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Ribston Pippin

RIBSTON PIPPIN has the synonyms Essex Pippin, Beautiful Pippin, Formosa, Glory of York, Ribstone, Rockhill's Russet and Travers. It originated in Yorkshire, England, around 1700 as a dessert apple, and was grown from three apple pips (seeds) sent from Normandy to Sir Henry Goodricke of Ribston Hall at Knaresborough, in Yorkshire, in 1709. Only one seed germinated and matured. The original tree was blown down in 1810, but was propped up and lived until 1928. A seed of one of its progeny produced the Cox's Orange Pippin. The apple skin is a yellow, flushed orange, and streaked red with russet at the base and apex. The yellow flesh is firm, fine-grained, and sweet. Some tasters detect a "pear-drop" flavor, and others have compared it to fermenting cider. Irregularly shaped and sometimes lopsided, the apple is usually round to conical in shape and flattened at the base with distinct ribbing. Weather conditions during ripening cause a marbling or water coring of the flesh, and in very hot weather, the fruit will ripen prematurely. It is very slow to begin bearing, and the proper pollinators will increase the fruitfulness. Lord Lambourne has been recommended for a pollinator, as well as Adam's Pearmain and Egremont Russet. It does not need thinning; and good culture, especially attention to the soil condition, is necessary to produce good crops. Ribston Pippin has one of the highest vitamin C contents; 30.30mg/100mg. A vigorous tree with upright growth, its medium-sized ovate to oval shaped leaves are a deep green color and distinctly folded with sharp, regular and shallow serrations. The surface of the leaf is smooth and dull with a heavy pubescence. Ribston Pippin does not store well and ripens in September.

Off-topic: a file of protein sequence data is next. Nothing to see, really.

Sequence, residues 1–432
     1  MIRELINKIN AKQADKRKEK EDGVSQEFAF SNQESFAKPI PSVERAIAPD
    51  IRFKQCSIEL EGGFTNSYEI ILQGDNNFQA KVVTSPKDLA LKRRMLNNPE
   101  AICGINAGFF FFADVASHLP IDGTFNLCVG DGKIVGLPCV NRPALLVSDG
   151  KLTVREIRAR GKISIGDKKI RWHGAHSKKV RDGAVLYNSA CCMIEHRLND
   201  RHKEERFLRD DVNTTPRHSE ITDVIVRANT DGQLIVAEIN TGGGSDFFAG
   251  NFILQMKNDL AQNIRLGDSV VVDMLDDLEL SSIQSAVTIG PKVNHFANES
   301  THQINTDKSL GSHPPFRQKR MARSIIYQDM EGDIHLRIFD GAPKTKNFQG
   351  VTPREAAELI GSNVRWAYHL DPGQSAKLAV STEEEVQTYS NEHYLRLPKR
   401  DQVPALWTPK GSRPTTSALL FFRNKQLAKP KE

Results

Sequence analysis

Ripening Period

  • Early Fall - September

Other Features

  • Pollen Sterile